Our research explores how to create stories with computer colleagues in open-ended, improvisational domains. Started in 2008, the Digital Improv Project examined the cognitive functions of improv actors through the process of protocol analysis and behavioral coding. The end goal of this process has been to establish approaches to computational creativity that can then be employed in co-creative experiences with AI characters. This work yielded several prototype experiences where humans and AI actors can play improv games together, such as Party Quirks and Three Line Scene.
The Computational Play project has explored how humans create stories together through pretend play as a way to understand both human creativity as well as potential computational approaches to pretend play intelligent agents.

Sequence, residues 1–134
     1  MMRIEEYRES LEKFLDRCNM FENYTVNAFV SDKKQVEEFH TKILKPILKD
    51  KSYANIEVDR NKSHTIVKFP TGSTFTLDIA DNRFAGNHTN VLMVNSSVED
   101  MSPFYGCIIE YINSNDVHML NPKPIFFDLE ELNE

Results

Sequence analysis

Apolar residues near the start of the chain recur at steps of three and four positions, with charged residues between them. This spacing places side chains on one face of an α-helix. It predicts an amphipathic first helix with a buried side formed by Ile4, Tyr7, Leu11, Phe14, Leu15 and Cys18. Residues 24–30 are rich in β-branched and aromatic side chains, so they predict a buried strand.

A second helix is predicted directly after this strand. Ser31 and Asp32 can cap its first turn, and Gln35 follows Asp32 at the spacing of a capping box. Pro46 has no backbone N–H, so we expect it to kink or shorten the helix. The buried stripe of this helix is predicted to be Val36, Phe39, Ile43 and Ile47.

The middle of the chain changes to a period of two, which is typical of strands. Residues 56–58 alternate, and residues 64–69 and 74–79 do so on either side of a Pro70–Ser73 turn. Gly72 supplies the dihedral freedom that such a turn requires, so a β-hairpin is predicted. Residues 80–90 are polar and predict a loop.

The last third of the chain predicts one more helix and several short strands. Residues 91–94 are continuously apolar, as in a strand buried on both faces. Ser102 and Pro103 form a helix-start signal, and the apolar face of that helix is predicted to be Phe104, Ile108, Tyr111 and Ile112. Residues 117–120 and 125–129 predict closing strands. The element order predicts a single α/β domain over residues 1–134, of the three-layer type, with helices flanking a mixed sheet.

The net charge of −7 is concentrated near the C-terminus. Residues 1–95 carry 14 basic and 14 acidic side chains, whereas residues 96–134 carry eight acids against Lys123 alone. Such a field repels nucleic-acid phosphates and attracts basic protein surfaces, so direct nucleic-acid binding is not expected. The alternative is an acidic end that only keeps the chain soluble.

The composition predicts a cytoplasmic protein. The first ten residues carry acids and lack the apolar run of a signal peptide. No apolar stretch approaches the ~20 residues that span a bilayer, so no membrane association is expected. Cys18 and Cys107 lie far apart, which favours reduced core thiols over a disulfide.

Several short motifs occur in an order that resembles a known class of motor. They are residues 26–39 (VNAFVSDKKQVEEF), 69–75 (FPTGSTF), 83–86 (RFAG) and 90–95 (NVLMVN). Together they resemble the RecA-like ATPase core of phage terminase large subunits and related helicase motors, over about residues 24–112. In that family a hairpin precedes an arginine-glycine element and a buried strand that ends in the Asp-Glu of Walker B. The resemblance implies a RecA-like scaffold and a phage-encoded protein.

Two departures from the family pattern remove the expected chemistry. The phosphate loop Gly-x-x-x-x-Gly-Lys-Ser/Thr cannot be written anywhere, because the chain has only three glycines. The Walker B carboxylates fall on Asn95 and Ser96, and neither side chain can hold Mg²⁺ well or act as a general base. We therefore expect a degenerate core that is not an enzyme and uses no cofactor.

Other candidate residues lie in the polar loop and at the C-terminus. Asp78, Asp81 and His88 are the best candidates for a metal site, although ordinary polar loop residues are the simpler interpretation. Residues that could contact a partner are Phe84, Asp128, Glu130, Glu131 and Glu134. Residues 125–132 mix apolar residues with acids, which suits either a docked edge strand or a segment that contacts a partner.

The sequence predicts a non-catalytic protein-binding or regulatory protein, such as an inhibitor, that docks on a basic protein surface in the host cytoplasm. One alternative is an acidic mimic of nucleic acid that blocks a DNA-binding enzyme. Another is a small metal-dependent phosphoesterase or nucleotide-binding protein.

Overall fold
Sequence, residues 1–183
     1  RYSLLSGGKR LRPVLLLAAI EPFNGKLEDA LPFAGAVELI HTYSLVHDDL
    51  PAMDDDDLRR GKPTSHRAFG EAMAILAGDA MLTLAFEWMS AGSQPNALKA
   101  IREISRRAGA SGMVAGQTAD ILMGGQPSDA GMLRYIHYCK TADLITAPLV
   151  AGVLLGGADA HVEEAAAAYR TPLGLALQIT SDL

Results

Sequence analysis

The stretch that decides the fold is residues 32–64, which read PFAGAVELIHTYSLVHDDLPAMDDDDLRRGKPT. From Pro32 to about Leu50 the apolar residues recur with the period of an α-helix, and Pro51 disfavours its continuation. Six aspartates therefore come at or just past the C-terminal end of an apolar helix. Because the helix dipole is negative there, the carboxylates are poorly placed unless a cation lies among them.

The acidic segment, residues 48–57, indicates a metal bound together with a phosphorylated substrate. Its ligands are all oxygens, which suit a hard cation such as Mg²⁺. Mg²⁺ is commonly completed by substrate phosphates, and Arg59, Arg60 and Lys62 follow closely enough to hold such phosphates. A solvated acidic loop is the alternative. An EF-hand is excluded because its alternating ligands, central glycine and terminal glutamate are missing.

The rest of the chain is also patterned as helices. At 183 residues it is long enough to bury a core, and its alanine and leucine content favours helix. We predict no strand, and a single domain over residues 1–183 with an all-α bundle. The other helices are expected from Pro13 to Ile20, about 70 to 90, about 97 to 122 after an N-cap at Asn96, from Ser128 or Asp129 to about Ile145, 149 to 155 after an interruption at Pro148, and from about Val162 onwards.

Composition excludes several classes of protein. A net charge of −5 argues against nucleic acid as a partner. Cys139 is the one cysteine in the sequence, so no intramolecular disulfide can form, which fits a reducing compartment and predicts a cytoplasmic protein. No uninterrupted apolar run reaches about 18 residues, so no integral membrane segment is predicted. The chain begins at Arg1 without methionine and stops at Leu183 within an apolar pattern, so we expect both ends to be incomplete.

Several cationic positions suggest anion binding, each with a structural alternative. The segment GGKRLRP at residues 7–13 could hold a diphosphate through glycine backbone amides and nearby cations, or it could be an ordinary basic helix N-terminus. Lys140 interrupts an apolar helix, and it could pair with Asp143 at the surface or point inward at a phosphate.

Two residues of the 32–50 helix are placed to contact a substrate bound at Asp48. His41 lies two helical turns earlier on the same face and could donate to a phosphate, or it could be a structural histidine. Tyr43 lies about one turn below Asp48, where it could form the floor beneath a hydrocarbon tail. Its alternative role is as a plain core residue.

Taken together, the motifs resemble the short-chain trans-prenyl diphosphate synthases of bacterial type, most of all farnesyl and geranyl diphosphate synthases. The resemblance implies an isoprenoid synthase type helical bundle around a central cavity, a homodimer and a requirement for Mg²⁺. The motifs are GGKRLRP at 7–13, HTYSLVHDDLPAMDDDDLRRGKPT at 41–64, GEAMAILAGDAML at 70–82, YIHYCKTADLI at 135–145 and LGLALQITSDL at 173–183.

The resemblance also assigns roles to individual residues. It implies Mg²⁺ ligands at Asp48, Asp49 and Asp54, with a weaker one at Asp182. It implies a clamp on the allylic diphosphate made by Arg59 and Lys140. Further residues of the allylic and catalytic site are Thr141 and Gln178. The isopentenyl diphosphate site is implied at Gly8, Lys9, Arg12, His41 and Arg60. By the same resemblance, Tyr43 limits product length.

The GENII / MImE project examines how to use participatory sensemaking as a means of learning story content through interaction. GENII (Graphical Embodied Narrative Intelligence & Improvisation) intelligent agents control virtual characters within a virtual world known as MImE (Movement Improvisation Environment). GENII agents can learn to improvise embodied narratives with people through observing their actions and inferring how they affect the virtual world in turn.
This material is based upon work supported by the National Science Foundation under Grant Numbers IIS #0757567, #320520, and IIS #1036457.
Any opinions, findings, and conclusions or recommendations expressed in this material are those of the author(s) and do not necessarily reflect the views of the National Science Foundation.